Wichita: Then and Now Part 2

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WICHITA, Kan. (KSNW) – Wichita is constantly changing, making room for new ideas and businesses. KSN, with help from the Wichita Public Library, the Kansas State Historical Society, the Wichita-Sedgwick County Historical Museum, and Wichita State University Libraries, is taking a look back at Wichita: Then and Now.

Swipe right or left with the bar in the middle of the picture. After you look through these pictures, check the ones we posted in September.

If you want to submit old photos for us to compare with current buildings, see the link at the bottom of this article.

Wichita High School East

Wichita High School East was designed by architect Lorentz Schmidt and built in 1922-1924. The style is considered modified Collegiate Gothic. The school is now called Wichita East High School. The main building is still standing, but there have been changes to the campus.

Eaton Hotel

Construction on this building at 523 E. Douglas started in 1886 and finished in 1887. It was originally called The Carey House for John Carey, a Wichita mayor and businessman. In the late 1890s, Ben Eaton became proprietor and, eventually, the owner. By 1900, it was considered the fanciest hotel between Kansas City and Denver. That’s also the year Carrie Nation attacked the bar inside the Eaton and first made news as an activist for prohibition. Eaton Place is now an apartment complex.

Fairmount College campus

Fairmount College, founded in 1895, is the forerunner of Wichita State University. Both pictures were taken near 17th and Fairmount looking north toward the campus. WSU is celebrating 125 years in 2020.

Friends University

This building was constructed as University Hall for Garfield University between 1886-1888. When Garfield closed, the hall sat empty for five years before a wealthy Quaker, James M. Davis, bought it. He donated it to the Kansas Society of Friends which opened Friends University in 1898. The hall was renamed Davis Administration Building in 1923.

Orpheum Theatre

The Orpheum Theatre opened in 1922 and featured vaudeville acts, silent films and eventually “talkies.” It was the first atmospheric theater in the United States and it is the oldest one still standing. The last regular movie screening at the theater was in 1976. A non-profit group has been working to restore the theater to its former glory. Until then, the theater still hosts concerts, movies and other entertainment.

Santa Fe Transportation Building

The Santa Fe Transportation Building at the southwest corner of Waterman and Emporia streets was designed by W.I. Fisher and Company. It was completed in 1958. It is now the Wichita Work Release Facility.

Turner Opera House

The Turnverein Society, an organization that included most of Wichita’s German residents, built Turnverein Hall in 1879 on the southwest corner of Market and First Street. It became known as Turner Opera House because it hosted many theatrical productions. It was home to other businesses before being torn down in 1917. The 11-story Lassen Hotel took its place. The hotel eventually became an office building. It is currently called Market Centre and its current owner has been working to turn it into apartments.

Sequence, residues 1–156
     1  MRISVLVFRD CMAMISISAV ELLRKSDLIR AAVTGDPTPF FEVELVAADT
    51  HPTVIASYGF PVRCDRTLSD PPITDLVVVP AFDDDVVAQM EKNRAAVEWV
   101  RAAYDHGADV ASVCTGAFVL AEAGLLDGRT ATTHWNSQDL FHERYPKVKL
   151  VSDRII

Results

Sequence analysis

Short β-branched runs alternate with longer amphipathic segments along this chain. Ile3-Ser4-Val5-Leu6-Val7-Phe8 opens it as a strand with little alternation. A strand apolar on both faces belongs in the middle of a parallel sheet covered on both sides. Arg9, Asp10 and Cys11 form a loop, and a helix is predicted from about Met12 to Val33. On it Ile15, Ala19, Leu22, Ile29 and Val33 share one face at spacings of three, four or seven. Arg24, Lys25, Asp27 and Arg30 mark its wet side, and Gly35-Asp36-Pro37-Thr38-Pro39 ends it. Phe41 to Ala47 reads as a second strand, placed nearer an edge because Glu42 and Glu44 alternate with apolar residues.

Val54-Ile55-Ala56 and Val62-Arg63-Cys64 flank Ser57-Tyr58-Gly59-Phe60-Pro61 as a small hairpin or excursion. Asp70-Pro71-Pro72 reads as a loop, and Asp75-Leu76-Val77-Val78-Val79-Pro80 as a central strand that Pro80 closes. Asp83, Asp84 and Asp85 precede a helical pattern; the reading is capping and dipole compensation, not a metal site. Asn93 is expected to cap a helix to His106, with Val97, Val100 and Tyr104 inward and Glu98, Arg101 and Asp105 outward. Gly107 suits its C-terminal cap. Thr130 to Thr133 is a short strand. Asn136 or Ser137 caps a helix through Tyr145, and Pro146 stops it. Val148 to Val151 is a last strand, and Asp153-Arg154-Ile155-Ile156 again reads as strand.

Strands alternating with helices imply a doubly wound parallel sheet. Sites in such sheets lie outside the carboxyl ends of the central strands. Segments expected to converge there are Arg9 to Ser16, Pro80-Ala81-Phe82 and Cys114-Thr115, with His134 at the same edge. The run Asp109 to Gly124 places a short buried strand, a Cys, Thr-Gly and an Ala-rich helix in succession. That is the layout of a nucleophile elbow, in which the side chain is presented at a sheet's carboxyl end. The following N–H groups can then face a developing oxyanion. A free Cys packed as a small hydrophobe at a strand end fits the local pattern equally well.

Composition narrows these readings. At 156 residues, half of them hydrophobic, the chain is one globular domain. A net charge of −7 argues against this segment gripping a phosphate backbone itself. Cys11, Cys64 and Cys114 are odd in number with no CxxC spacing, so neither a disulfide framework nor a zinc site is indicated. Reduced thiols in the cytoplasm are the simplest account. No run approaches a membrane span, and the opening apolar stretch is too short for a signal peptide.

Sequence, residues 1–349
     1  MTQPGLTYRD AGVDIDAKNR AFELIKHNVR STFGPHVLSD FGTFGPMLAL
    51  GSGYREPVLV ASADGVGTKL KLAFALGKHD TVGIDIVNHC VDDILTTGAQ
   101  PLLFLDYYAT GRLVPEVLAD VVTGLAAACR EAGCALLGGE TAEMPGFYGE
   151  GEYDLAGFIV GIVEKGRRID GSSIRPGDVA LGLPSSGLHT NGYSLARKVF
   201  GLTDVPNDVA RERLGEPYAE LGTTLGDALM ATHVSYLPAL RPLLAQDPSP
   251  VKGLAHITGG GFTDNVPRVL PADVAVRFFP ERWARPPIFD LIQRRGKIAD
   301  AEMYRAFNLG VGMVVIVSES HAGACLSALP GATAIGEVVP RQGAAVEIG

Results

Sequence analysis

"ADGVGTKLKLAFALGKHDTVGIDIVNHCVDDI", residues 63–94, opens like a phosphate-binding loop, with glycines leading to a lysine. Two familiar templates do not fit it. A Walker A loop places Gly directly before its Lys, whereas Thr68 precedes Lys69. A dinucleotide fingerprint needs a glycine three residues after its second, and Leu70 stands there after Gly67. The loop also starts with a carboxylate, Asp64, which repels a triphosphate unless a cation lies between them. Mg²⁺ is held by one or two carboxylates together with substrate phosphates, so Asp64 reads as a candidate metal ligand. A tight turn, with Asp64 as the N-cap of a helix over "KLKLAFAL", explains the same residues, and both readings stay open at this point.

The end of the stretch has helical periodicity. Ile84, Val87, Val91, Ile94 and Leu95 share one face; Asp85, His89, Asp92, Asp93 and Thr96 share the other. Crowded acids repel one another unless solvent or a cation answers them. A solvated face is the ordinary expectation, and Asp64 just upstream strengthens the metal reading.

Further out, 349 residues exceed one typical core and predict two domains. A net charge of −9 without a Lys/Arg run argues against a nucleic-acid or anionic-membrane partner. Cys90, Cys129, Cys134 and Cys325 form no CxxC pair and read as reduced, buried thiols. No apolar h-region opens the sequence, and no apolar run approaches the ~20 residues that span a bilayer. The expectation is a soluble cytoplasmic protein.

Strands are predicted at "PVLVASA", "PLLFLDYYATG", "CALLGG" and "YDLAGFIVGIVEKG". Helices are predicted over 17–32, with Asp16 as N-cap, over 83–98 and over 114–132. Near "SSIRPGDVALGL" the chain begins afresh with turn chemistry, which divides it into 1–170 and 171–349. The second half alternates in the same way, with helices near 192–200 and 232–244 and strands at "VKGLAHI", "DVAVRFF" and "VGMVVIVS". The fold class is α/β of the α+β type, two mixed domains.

Colonial Theater

The Colonial Theater, 117 North Market, was built for $17,000 and seated 900 people. There is now a parking garage where the theater used to be.

Manhattan Hotel

The picture on the left is the Manhattan Hotel, on the northwest corner of Douglas and Topeka, during the flood of 1904. The current building was seen as an important step toward urban renewal in Wichita. It has been the Fourth Financial Center, Fourth National Bank, Bank of America Center, and now, the Ruffin Building.

Wichita Theatre

Wichita Theatre, 310 East Douglas, opened in 1918. Before that, it was the Crystal Theatre which opened in 1905. The building was torn down in 1970. Currently, the Ruffin Building takes up the 300 block of East Douglas.

Wichita Union Station

The railroad station was built at 701 E. Douglas in 1914 to replace the old Santa Fe Depot. The elevated tracks are to the right of the building. In recent years, a developer has been working to turn the building into a hotspot for commercial retailers, restaurants and office space.

Wichita Board of Education Administration Building

One of the former USD 259 Administration buildings was at 428 South Broadway. It is now a vacant lot. The current school business offices are located in the old Southeast High School building at Lincoln and Edgemoor.

The Wichita Eagle

The Wichita Eagle newspaper was based in the building on the left from 1908 to 1961. It was on the southwest corner of William and Market. A parking garage is now at that location.

Douglas Toll Bridge

The first bridge over the Arkansas River at Douglas Avenue was a toll bridge built in 1872. The picture shows a group of Native Americans crossing through the water.

Douglas Toll Bridge, another angle

This is a different angle of the bridge taken in 1878.

Hotel Pacific

Hotel Pacific, built in 1912, in the 200 block of West Douglas, was a downtown landmark across from the Missouri Pacific depot. It was razed in the 1960s to make way for Century II.

Zimmerly Building

The building on the left, in the 200 block of East Douglas, was the dream of Mike Zimmerly. When he died in 1887, his wife oversaw the completion of the building in 1888. It later became the Winne Building. An apartment complex now stands at the site.

Map It: Find these locations yourself

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